Daily Archives: January 24, 2015

Inside Story – Who’s really benefiting from low oil prices?


Al Jazeera English

Published on Dec 21, 2014

As oil prices fell, many expected OPEC members to lower their production in an effort to boost prices – but they didn’t. And analysts now say it is part of a long term strategy by OPEC’s most dominant member, Saudi Arabia, to keep its market share and push out competitors.Join Inside Story as we take a look at how the world’s biggest oil producers are using low prices, to keep their domination of the market.

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Counting the Cost – Feature: Black gold in decline?


Al Jazeera English

Published on Dec 21, 2014

We speak to an financial expert about the effects the dropping oil prices are having on the world markets and economies. – Subscribe to our channel http://bit.ly/AJSubscribe – Follow us on Twitter https://twitter.com/AJEnglish – Find us on Facebook https://www.facebook.com/aljazeera – Check out our website:http://www.aljazeera.com/

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‘People died at sea, that’s how life is’


Al Jazeera English

Published on Jan 9, 2015

Web exclusive: For decades Mauritania has been a transit hub for migrants hoping to reach Spain’s Canary Islands, 800km away by sea. Despite the deadly risks involved, people smugglers have had a flourishing trade. There is no shortage of migrants willing to pay thousands of dollars to make the crossing. In a web exclusive, Al Jazeera’s Hassan Ghani speaks to one such smuggler. The Senegalese man, who spoke to Al Jazeera on condition of anonymity out of fear of reprisals, has been operating off the coast of Mauritania since 2006 and says it is now getting more difficult.

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Mass extinction (Permian-Triassic- Extinction) – The Evolutionary Theory on Extinction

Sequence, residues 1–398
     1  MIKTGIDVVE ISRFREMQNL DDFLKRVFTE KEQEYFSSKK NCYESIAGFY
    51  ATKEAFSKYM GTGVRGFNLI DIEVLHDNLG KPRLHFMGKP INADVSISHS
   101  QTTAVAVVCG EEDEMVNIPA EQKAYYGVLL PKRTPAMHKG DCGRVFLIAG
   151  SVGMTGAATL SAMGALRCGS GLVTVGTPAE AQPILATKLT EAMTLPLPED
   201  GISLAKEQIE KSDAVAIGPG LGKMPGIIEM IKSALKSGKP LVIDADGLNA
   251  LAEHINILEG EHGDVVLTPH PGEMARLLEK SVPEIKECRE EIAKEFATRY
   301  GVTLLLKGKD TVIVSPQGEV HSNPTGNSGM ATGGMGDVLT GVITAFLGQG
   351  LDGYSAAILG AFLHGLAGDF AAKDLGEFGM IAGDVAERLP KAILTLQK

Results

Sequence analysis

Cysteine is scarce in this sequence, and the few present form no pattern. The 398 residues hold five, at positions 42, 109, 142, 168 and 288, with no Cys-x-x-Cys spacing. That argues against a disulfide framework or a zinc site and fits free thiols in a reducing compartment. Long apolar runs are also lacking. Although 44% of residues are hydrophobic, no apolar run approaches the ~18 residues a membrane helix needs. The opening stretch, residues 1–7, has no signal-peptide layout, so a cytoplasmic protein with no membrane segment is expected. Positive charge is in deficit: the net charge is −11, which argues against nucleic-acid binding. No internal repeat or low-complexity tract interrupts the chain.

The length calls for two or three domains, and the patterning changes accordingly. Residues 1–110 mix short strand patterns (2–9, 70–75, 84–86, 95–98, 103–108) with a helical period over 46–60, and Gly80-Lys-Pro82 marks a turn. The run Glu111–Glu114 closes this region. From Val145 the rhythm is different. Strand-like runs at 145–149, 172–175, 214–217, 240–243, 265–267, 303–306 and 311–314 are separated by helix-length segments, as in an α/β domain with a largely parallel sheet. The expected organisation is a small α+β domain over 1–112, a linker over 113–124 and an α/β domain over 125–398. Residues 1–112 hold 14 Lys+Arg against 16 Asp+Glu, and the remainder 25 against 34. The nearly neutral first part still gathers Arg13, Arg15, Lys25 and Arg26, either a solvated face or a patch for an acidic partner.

Spiesleaks

Published on Nov 8, 2014

Extinction happens. But what’s evolution got to do with it?
Mass extinctions. Dinosaurs and the first mammals. Saving an unspoiled forest near Bangkok. Biological invaders in the Hawaiian Islands. Using a beneficial insect to control weeds in North Dakota.

“Extinction is the termination of a species.” At least 95 per cent of all species that have ever lived are now extinct. Extinction is normal, and is happening all the time, at the rate of a few species per year.
We watch various animals foraging for food, and a lioness bringing down her prey. “The extinction of old species that can no longer adapt or compete creates opportunities for new species that can–in an endless cycle,” the narrator says. “So evolution and extinction are in balance. But what happens when a planet-wide catastrophe strikes and a great dying begins?”

The scene changes dramatically–to lightning, volcanoes, and fire. Five times in the last half-billion years, we are told, mass extinctions wiped out most species alive at the time. As the smoke clears, we see Peter Ward driving through South Africa to investigate the greatest of these mass extinctions–the one that occurred at the end of the geological period known as the Permian. He stops at an old abandoned farmhouse, and sees from the tombstones in a nearby graveyard that the family that used to live there died within a five-year period about a century ago. “So a hundred years [ago], these people were just wiped off the face of the Earth, and we have no idea what killed them,” says Ward. “And if that’s the case, how am I going to figure out what killed animals that lived in those hills [gesturing], the fossils of which we have from 250 million years ago?”